Maybe, Just Maybe, the Customer Isn't Right

I crossed paths with two items of interest recently. Both acutely highlight a besetting sin in evangelical churches: consumerism.

Being a consumer and thinking of ourselves as consumers is not the problem. God wants us to eagerly consume what he has to offer:

Come, all you who are thirsty, come to the waters;
and you who have no money, come, buy and eat! - Isaiah 55:1

The problem is consumerism. "Isms" modify a concept by giving it a place of honor and authority it isn't meant to have. In this case, "consumer" becomes the all-important concept to which everything else is subordinate, the lenses through which everything else is interpreted. Consumerism is the idea that we are "customers" in the modern sense of the word. And in our world, the customer is "always right." The customer is in charge. The customer dictates what he or she wants and how much it should cost.

When it comes to God, we should never think of ourselves as "customers" in this sense of the word. God is in charge, not us. God knows what we need, not us. He is not at our beck and call, forced to scramble to satisfy our own perceived needs. When our attitude toward God is that he must bow to our demands, we reverse the Creator/creature distinction and, well, think of ourselves way more highly than we ought.

This doesn't mean God doesn't serve us. Of course he does! Jesus washes his disciples' feet; he came not to be served, but to serve. But that service is always Divine service. It is the LORD who is serving. And that means the LORD knows how to serve. He knows what is right and true and good. When the LORD bows to wash your feet, the relationship of LORD and servant is not reversed. He is not now our Butler or Valet. He remains LORD.

We should really keep this in mind.

Andy Stanley, pastor of North Point Community Church, a congregation of a whopping 24,000 people, recently wrote a book entitled Deep and Wide: Creating Churches Unchurched People Love to Attend. My one-time seminary professor (and finest, wittiest, and sharpest book reviewer on the planet--I hope he never takes aim at me), Carl Trueman, read the book and was, to put it mildly, not impressed. I highly encourage you to click over and take a look at what he has to say. Stanley has established the consumerist mentality as Lord and Head of the Church. Churches, he claims, need to "adjust their sails" to the prevailing winds of culture. And since people think of themselves as "customers" interested in pragmatism over truth, the church must care about pragmatism instead of truth.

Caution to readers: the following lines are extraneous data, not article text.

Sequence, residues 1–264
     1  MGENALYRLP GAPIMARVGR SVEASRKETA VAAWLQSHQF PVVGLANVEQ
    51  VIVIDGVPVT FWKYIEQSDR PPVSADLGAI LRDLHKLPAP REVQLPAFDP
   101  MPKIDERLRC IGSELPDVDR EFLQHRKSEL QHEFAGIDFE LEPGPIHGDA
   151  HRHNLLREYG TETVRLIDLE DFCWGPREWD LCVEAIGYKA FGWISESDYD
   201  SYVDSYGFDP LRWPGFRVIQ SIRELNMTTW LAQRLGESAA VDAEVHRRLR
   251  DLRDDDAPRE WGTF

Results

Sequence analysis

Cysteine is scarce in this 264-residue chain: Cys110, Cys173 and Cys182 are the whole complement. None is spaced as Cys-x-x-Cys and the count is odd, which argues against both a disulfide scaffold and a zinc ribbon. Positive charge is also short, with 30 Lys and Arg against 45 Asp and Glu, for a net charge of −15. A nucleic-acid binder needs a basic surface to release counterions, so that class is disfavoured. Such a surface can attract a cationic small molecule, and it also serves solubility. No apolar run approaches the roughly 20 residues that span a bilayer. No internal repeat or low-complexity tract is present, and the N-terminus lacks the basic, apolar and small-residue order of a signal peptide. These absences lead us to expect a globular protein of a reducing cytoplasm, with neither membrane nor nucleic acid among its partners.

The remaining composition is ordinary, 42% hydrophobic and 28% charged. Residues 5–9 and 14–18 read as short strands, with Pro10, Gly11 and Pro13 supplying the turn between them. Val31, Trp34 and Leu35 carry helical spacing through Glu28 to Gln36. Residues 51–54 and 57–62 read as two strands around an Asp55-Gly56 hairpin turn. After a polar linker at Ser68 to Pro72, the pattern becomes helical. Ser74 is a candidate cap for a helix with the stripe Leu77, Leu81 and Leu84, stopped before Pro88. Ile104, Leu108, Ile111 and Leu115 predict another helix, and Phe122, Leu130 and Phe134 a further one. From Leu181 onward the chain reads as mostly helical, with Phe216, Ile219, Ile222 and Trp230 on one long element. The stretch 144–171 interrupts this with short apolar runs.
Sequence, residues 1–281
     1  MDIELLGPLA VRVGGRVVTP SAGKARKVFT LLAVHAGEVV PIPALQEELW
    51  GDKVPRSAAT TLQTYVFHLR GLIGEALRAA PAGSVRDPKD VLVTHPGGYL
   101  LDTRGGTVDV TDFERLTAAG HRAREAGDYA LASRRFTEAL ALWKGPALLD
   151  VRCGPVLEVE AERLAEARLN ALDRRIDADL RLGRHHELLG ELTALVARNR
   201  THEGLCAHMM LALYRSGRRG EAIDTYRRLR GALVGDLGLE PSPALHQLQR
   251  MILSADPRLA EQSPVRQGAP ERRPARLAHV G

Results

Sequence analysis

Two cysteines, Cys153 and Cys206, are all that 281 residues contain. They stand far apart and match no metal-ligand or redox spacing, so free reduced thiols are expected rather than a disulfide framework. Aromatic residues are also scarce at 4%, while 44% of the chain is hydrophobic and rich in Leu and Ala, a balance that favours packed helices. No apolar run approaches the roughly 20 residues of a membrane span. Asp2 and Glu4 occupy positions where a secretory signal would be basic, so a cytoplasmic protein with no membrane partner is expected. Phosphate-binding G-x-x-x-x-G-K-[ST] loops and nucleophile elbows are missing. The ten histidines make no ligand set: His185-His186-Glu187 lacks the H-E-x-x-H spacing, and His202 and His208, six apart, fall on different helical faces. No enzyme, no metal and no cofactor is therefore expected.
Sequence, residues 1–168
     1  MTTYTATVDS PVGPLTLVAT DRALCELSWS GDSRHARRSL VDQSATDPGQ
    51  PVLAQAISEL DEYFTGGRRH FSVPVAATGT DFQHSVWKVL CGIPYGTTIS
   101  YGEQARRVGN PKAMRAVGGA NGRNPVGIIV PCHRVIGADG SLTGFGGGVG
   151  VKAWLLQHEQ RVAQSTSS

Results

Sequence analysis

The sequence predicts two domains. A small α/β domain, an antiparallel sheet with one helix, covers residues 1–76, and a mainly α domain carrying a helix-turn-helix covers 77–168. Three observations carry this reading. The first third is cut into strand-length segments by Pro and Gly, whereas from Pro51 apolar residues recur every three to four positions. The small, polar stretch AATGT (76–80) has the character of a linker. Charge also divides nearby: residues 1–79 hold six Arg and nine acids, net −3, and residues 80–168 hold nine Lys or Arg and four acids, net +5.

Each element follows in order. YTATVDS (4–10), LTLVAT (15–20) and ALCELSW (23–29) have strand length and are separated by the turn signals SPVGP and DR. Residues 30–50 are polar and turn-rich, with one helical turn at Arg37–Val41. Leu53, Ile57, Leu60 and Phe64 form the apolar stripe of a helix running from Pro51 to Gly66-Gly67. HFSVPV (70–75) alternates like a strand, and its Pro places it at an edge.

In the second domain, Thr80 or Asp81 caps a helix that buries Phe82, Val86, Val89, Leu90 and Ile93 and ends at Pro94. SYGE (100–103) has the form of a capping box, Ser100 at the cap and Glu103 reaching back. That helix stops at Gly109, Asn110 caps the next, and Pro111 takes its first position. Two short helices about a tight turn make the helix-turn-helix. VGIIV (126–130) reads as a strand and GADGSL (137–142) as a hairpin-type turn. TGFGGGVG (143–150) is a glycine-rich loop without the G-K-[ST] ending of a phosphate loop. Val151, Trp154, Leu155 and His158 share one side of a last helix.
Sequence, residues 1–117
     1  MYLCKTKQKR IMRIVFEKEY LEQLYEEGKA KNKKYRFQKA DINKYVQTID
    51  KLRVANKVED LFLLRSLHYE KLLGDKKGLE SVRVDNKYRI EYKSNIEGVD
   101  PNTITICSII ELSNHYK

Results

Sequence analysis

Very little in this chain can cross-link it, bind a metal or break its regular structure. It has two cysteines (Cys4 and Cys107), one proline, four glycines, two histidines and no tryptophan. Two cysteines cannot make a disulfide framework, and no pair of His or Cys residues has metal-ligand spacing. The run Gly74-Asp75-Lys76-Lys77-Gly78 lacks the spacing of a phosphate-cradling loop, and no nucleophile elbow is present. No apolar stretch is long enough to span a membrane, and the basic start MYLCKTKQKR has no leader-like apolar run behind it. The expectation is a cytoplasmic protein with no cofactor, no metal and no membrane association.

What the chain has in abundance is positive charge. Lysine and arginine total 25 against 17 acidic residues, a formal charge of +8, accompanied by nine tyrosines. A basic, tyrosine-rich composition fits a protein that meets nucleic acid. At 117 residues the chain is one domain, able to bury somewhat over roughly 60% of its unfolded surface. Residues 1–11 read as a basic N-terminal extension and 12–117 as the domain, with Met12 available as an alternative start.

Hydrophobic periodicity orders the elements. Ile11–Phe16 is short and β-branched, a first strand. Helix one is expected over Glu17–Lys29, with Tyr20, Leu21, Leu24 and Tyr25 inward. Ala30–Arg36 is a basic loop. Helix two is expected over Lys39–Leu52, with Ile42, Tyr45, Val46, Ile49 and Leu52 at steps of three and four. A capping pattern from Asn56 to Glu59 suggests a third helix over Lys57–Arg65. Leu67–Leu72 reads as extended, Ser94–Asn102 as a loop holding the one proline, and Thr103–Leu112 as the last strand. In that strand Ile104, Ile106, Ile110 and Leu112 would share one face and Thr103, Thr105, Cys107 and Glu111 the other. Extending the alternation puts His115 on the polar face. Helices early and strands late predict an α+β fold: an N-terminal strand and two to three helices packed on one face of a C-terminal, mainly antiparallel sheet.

I can hardly improve on Trueman's rhetorical swordsmanship, so I'll leave you to it.

The second item is a commercial produced by Scottsdale Bible Church, another popular megachurch in Arizona. I wish I could embed the commercial on this page. But it isn't available on YouTube yet, so I cannot. But you can click here and view it on their Facebook page. It is so breathtaking I thought it simply had to be a parody.

Alas, no. The purpose of this video is to advertise a new Saturday night service at Scottsdale Bible Church. Now, I don't actually have an objection to Saturday night services, in principle. There are all kinds of people who for reasons of necessity have difficulty attending Sunday morning services: doctors, firemen, police officers, etc.

But that isn't how they advertise it. Their appeal is this: just imagine what you could do on Sunday mornings if you didn't have to go to church! You could go golfing! You could sleep in! You could watch NFL football! Just think of the possibilities! Isn't this awesome? Now you can get your worship experience at a more convenient time. Something to fit your lifestyle. Your schedule. Your priorities. I am not reading any of that into the ad. That is the ad.

Never mind that uniformly since the resurrection of Jesus himself the Christian church has set aside Sunday as the Lord's Day. This was a massive, tectonic shift in redemptive history, reestablishing the day not as the Sabbath, the last day of the week, but the Lord's Day, the first day of the week.

Notice I am not here trying to make a biblical case for Sunday being the Christian Sabbath. There is plenty of disagreement among Christians about how the Old Testament Sabbath applies in the New Covenant era. I am simply stating the fact that almost universally this has been the Christian understanding: Sunday is not some arbitrary, take-it-or-leave-it, preference; it is the appointed Day.

I would not be nearly so aggravated if Scottsdale Bible Church wanted to have a Saturday night service and encouraged their people to attend because of the recognition that Sunday is legitimately difficult for some people. Or even if they wanted to make a biblical case that Sunday is completely arbitrary. I'm sure their resident theologian, Wayne Grudem, is up to that task.

But no. Their pitch is the the most crassly consumerist pitch imaginable: Now you can have a God that fits your schedule. Now you can prioritize your own fun, and fit God in on the side. No more missing the early NFL game! I do not know these people, but they should be embarrassed. Deeply, deeply embarrassed.

Look: God is not dedicated to your comfort. He does not exist to make you happy. He wants to make you holy. I'll make a provocative observation: the two gentlemen who made this ad wouldn't dare reschedule their date for such self-serving reasons. 

What does that tell you where God ranks?

Brian Mattson